Monday, December 5, 2016
Piccalilli? No, It's Quick-alilli! And More
It's seems that I tend to write frequently about how I buy clearance sale veggies and then cook whatever I can with them.....well, I'm doing it again.
When I went to the store the other day, there were huge bundles of slightly-superannuated (in simpler terms, "old") green onions. Those big bundles each contained about 10 smaller bundles--surely there was more than a pound of green onions in there. A challenge! How could I resist?
So, what on earth do you do with that many green onions? I think you've just gotta do as much as you can! I considered a number of options and ultimately decided to be both sensible and adventurous.
Sensible: After I cleaned the onions, I took all of the green tops and chopped them into two-inch pieces; then I rough-chopped them in the food processor. I put those in a container to freeze for later use.
Now, if I had had an ice cube tray handy (unfortunately I did not), I would have added a little water to the chopped onions and frozen them in smaller portions so as to be easier to add to recipes later. (Note to self: buy an ice cube tray.)
Adventurous: I invented Quick-alilli! You've heard of Picalilli, of course--well, my recipe is a very distant cousin, and I based this simple relish on my recipe for Garlicky Quickle Pickles. It's has the same vinegar and spices but no garlic. Instead, I very thinly sliced the white portions of about half of the onions and divided them between two jars to which I also added white vinegar, salt, dill weed, and celery seed. To one jar, I added chopped cucumber and the "meaty" parts of a Roma tomato (in other words, I left the seedy middle out). To the other, I added chopped red pepper and a little green onion top for color.
I will be keeping both of these jars refrigerated since they were in no way meant to be canned--this is an experiment, after all. I'll try adding them as flavoring to other foods in a day or two. I imagine that they will keep for weeks just as the Quickles do, so long as they are kept cooled. The salt helps to preserve them.
Another small adventure: There was really so very much onion that I decided to see what would happen if I tried roasting some of the white parts in the oven. I heated an iron skillet in a 400 F oven, added a pat of butter and let sizzle, and then added about a half-cup of inch-long slices of onion. I let these cook for about 20 minutes, stirring them every five minutes or so, until they were nicely browned, and then I enjoyed them on a baked potato topped with sour cream. This was so very good that I certainly plan to make it again.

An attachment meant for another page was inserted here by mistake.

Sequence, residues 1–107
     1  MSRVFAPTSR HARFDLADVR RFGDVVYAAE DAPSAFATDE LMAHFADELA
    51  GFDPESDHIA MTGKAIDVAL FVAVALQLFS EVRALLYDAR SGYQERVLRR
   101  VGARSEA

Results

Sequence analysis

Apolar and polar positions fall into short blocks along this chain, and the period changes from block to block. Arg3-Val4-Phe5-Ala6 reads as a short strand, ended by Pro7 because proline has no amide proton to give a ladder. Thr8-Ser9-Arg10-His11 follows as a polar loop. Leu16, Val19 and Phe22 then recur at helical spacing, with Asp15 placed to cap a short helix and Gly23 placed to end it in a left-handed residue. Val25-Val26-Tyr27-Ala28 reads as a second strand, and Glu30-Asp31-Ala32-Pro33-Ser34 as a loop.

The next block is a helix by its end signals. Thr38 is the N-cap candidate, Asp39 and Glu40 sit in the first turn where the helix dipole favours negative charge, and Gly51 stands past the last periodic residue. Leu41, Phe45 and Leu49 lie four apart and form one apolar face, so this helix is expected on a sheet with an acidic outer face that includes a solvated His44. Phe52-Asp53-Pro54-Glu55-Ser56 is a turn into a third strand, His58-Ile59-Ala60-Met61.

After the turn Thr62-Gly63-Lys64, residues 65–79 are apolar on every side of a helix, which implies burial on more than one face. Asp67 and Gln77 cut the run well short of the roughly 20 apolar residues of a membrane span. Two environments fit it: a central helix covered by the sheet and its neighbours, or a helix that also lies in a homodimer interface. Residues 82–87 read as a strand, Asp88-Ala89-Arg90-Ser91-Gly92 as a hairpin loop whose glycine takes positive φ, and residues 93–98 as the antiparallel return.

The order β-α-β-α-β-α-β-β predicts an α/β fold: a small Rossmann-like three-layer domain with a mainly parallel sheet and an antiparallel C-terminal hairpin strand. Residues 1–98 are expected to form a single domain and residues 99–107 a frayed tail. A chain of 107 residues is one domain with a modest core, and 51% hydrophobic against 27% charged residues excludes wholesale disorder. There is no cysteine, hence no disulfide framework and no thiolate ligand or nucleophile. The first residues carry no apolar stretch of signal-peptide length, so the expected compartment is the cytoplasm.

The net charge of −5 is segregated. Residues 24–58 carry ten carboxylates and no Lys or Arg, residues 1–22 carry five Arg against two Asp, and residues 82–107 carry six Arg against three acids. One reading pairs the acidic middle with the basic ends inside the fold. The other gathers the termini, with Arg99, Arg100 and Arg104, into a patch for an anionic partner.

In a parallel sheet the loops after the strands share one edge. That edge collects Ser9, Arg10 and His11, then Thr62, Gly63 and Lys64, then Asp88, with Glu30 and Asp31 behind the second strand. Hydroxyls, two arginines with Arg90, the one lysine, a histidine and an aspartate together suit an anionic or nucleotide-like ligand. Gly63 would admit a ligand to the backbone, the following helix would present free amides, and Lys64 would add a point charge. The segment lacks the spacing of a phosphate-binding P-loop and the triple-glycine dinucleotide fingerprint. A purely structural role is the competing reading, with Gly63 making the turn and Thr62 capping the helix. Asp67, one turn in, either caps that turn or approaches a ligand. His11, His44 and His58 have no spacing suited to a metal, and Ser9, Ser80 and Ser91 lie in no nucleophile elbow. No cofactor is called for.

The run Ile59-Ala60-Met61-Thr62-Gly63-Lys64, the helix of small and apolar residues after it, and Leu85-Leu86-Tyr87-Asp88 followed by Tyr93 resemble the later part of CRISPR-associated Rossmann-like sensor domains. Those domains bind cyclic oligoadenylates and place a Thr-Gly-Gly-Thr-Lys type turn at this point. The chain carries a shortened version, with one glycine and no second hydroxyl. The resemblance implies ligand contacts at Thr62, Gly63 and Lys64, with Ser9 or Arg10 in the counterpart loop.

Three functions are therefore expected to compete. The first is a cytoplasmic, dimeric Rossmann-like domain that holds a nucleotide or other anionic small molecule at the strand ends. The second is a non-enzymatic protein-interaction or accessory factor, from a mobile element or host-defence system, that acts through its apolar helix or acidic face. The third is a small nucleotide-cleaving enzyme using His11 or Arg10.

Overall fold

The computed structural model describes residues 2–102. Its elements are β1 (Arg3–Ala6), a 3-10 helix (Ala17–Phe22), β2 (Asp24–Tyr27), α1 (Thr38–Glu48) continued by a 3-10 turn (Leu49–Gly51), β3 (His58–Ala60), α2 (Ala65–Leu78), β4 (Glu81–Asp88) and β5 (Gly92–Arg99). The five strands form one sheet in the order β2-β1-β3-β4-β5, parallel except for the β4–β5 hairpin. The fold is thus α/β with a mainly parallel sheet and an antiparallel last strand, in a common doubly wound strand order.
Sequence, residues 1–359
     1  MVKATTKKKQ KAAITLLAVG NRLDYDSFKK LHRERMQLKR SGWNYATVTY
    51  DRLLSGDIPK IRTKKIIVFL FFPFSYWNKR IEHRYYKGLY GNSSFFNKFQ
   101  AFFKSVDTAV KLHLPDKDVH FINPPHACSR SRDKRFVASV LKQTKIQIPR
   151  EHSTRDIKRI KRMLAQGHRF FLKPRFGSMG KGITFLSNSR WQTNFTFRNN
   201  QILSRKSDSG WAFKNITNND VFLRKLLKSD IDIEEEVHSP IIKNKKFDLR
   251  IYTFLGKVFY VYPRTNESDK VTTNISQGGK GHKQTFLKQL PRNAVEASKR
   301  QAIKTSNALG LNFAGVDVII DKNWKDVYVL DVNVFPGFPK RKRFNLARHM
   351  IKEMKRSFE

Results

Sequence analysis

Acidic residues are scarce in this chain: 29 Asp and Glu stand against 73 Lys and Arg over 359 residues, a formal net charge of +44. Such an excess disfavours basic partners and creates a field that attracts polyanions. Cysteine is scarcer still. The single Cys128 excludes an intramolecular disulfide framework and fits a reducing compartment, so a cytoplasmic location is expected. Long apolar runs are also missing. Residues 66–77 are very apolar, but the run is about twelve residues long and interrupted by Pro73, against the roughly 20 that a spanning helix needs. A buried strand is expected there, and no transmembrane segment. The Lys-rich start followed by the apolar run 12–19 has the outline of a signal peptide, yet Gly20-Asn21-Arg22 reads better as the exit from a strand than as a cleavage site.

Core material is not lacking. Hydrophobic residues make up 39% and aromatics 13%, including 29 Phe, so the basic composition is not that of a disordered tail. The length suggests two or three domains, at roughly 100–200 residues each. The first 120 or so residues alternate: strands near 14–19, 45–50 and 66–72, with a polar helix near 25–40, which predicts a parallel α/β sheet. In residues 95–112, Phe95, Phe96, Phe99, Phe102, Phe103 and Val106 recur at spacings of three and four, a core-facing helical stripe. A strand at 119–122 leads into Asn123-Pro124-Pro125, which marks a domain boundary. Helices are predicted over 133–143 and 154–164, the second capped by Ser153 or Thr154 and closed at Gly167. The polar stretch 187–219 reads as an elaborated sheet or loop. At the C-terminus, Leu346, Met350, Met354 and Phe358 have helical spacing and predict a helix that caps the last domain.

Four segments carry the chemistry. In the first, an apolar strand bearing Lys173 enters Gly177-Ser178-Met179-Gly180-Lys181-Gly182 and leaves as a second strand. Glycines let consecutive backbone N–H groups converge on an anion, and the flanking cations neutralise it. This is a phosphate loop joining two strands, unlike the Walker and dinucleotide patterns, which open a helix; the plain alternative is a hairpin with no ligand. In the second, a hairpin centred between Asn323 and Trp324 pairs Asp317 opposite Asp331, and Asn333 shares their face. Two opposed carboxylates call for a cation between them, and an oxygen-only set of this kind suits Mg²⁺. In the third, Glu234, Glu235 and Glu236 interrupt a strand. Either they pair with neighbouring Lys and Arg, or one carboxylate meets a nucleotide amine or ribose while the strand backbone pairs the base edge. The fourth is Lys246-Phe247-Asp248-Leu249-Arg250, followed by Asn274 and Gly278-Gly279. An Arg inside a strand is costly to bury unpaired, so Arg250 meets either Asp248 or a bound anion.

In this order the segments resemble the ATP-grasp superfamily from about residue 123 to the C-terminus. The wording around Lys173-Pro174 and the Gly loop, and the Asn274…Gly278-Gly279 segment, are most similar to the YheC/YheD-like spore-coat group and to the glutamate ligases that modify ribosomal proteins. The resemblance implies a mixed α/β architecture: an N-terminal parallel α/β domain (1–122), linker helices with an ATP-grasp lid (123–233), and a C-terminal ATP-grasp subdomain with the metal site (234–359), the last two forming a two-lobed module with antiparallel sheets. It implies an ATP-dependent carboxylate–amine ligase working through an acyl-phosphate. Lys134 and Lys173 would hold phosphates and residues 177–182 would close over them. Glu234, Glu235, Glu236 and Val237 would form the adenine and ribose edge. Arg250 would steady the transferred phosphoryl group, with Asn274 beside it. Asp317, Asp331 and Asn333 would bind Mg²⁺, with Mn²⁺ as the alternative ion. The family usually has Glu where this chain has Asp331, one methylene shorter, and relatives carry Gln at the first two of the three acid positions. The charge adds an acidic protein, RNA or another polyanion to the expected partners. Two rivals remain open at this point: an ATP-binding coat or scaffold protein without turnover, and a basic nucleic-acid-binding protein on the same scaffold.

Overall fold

One final adventure: since the oven was already hot and the iron skillet was handy, and also since there yet more sliced onion as well as most of a large red pepper, and also since someone kindly gifted me with a box of Jiffy recently, I decided it was time to make cornbread!
I prepared the mix according to directions and added the sliced onion to it while I re-heated the skillet in the oven--the skillet absolutely has to be hot when you add the batter so the cornbread will get all lovely and crispy round the edges. After I buttered the skillet, I added half the cornbread mix, and then I topped it with slices of red pepper.
Then I spread the remainder of the cornbread mix over the top. And just for a little added goodness, I topped the cornbread with grated extra-sharp white cheddar. Then I popped the pan back in the oven at 375 F to cook for 20 minutes. It smelled so good, and it tasted so good!
There's one important aspect to understand about this cornbread: for a vegetarian, it provides a great source of protein. Not only does the mix have milk and egg added to corn but the cheese on top gives it an extra boost. You can read more how to make a "complete protein" in this post: Vegetarianism & Protein Combining.
(Before you ask: yes, I do include milk and eggs in my plant-based diet. I am an Ovo-Lacto Vegetarian. There are several levels of vegetarianism; mine is one of the less extreme.)
So, when all is said and done, I spent .99 cents (plus tax) at the grocery for about a pound of onions, I had a lot of fun in the kitchen for an hour or two, I tried some new ideas, and I created the basis for some healthy eating. I'd say that was a very good way to spend an afternoon, wouldn't you?
Have an adventure and see what your store has on sale so you can create something tasty, too!
Life is good.